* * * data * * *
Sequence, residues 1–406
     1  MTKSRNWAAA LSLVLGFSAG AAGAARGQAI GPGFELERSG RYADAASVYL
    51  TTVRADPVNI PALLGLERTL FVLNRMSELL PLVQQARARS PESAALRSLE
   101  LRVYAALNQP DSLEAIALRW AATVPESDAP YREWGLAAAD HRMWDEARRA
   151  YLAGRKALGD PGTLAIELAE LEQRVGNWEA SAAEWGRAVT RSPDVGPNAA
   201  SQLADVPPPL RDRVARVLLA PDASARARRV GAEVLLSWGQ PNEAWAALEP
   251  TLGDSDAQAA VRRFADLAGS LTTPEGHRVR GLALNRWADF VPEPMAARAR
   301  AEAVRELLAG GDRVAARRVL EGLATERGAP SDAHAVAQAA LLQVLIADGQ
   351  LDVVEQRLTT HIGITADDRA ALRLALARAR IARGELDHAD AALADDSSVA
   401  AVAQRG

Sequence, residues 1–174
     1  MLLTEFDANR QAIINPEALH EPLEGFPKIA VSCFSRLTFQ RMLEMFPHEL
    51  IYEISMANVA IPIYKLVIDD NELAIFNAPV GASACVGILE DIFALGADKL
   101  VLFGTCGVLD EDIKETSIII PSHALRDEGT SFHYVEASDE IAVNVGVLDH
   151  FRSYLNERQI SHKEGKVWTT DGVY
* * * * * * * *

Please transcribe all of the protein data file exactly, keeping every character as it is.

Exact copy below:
Sequence, residues 1–406
     1  MTKSRNWAAA LSLVLGFSAG AAGAARGQAI GPGFELERSG RYADAASVYL
    51  TTVRADPVNI PALLGLERTL FVLNRMSELL PLVQQARARS PESAALRSLE
   101  LRVYAALNQP DSLEAIALRW AATVPESDAP YREWGLAAAD HRMWDEARRA
   151  YLAGRKALGD PGTLAIELAE LEQRVGNWEA SAAEWGRAVT RSPDVGPNAA
   201  SQLADVPPPL RDRVARVLLA PDASARARRV GAEVLLSWGQ PNEAWAALEP
   251  TLGDSDAQAA VRRFADLAGS LTTPEGHRVR GLALNRWADF VPEPMAARAR
   301  AEAVRELLAG GDRVAARRVL EGLATERGAP SDAHAVAQAA LLQVLIADGQ
   351  LDVVEQRLTT HIGITADDRA ALRLALARAR IARGELDHAD AALADDSSVA
   401  AVAQRG

Sequence, residues 1–174
     1  MLLTEFDANR QAIINPEALH EPLEGFPKIA VSCFSRLTFQ RMLEMFPHEL
    51  IYEISMANVA IPIYKLVIDD NELAIFNAPV GASACVGILE DIFALGADKL
   101  VLFGTCGVLD EDIKETSIII PSHALRDEGT SFHYVEASDE IAVNVGVLDH
   151  FRSYLNERQI SHKEGKVWTT DGVY